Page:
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dc.contributor.authorToyokawa, Wataru
dc.contributor.authorWhalen, Andrew
dc.contributor.authorLaland, Kevin N.
dc.date.accessioned2019-07-20T23:43:40Z
dc.date.available2019-07-20T23:43:40Z
dc.date.issued2019-02-01
dc.identifier257464042
dc.identifier36af7a3d-68a3-4caf-90f0-822983292b1e
dc.identifier85060500845
dc.identifier000458449900016
dc.identifier.citationToyokawa , W , Whalen , A & Laland , K N 2019 , ' Social learning strategies regulate the wisdom and madness of interactive crowds ' , Nature Human Behaviour , vol. 3 , no. 2 , pp. 183-193 . https://doi.org/10.1038/s41562-018-0518-xen
dc.identifier.issn2397-3374
dc.identifier.otherRIS: urn:C545DD965B7000A9745F6350EF55364A
dc.identifier.otherRIS: Toyokawa2019
dc.identifier.otherORCID: /0000-0002-2457-0900/work/60630396
dc.identifier.urihttps://hdl.handle.net/10023/18143
dc.descriptionThis experiment was supported by The John Templeton Foundation (40128 to K.N.L.) and Suntory Foundation research support (2015-311 to W.T.). The computer simulations and computational model analyses were supported by JSPS overseas research fellowships (H27-11 to W.T.). The phenomenological model analyses were supported by JSPS KAKENHI (grant number 17J01559).en
dc.description.abstractWhy groups of individuals sometimes exhibit collective ‘wisdom’ and other times maladaptive ‘herding’ is an enduring conundrum. Here we show that this apparent conflict is regulated by the social learning strategies deployed. We examined the patterns of human social learning through an interactive online experiment with 699 participants, varying both task uncertainty and group size, then used hierarchical Bayesian model fitting to identify the individual learning strategies exhibited by participants. Challenging tasks elicit greater conformity among individuals, with rates of copying increasing with group size, leading to high probabilities of herding among large groups confronted with uncertainty. Conversely, the reduced social learning of small groups, and the greater probability that social information would be accurate for less-challenging tasks, generated ‘wisdom of the crowd’ effects in other circumstances. Our model-based approach provides evidence that the likelihood of collective intelligence versus herding can be predicted, resolving a long-standing puzzle in the literature.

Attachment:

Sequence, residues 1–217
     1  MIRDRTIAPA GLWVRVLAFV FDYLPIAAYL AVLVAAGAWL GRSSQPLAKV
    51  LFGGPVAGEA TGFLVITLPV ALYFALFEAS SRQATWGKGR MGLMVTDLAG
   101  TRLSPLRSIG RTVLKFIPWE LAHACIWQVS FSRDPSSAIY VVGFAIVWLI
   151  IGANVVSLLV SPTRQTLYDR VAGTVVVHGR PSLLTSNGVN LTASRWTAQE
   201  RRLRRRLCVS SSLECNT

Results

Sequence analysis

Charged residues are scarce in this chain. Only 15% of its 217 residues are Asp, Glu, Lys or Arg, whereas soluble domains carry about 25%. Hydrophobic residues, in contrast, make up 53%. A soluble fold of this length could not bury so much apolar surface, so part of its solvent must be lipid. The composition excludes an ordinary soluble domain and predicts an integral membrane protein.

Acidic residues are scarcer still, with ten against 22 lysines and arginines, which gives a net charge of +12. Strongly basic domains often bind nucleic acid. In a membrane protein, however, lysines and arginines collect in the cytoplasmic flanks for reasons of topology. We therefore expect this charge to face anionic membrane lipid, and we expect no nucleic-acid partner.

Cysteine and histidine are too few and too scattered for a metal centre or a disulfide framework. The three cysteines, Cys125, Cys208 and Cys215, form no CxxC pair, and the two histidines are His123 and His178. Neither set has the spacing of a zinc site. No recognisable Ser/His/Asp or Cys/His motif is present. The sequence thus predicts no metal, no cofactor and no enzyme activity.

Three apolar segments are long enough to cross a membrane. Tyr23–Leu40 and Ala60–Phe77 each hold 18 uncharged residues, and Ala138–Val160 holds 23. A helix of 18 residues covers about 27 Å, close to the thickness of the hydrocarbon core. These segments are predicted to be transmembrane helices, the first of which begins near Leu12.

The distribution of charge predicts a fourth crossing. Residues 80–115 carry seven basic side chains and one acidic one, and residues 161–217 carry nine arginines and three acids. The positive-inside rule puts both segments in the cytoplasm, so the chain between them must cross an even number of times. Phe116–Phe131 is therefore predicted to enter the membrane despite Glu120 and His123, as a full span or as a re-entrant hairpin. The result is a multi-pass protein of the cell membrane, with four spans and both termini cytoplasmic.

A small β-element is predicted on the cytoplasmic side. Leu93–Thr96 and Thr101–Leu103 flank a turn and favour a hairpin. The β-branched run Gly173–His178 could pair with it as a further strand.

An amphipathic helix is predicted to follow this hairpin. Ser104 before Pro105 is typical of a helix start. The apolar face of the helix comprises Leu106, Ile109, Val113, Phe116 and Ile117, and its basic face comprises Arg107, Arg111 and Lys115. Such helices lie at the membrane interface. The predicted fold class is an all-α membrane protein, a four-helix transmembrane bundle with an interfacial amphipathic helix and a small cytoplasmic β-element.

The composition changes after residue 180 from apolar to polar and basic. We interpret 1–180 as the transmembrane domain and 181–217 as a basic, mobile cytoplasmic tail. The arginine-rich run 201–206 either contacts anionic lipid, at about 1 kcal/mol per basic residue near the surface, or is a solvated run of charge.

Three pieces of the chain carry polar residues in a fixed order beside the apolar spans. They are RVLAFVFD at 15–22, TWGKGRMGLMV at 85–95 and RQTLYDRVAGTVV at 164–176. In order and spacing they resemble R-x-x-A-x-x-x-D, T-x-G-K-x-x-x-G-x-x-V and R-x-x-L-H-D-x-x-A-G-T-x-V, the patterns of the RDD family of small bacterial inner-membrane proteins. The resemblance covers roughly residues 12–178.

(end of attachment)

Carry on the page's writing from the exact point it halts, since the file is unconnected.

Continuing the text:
dc.format.extent1304481
dc.language.isoeng
dc.relation.ispartofNature Human Behaviouren
dc.subjectQH301 Biologyen
dc.subjectDASen
dc.subjectBDCen
dc.subjectR2Cen
dc.subject.lccQH301en
dc.titleSocial learning strategies regulate the wisdom and madness of interactive crowdsen
dc.typeJournal articleen
dc.contributor.sponsorJohn Templeton Foundationen
dc.contributor.institutionUniversity of St Andrews. School of Biologyen
dc.contributor.institutionUniversity of St Andrews. Centre for Biological Diversityen
dc.contributor.institutionUniversity of St Andrews. Scottish Oceans Instituteen
dc.contributor.institutionUniversity of St Andrews. Institute of Behavioural and Neural Sciencesen
dc.contributor.institutionUniversity of St Andrews. Centre for Social Learning & Cognitive Evolutionen
dc.identifier.doi10.1038/s41562-018-0518-x
dc.description.statusPeer revieweden
dc.date.embargoedUntil2019-07-21
dc.identifier.grantnumber40128en


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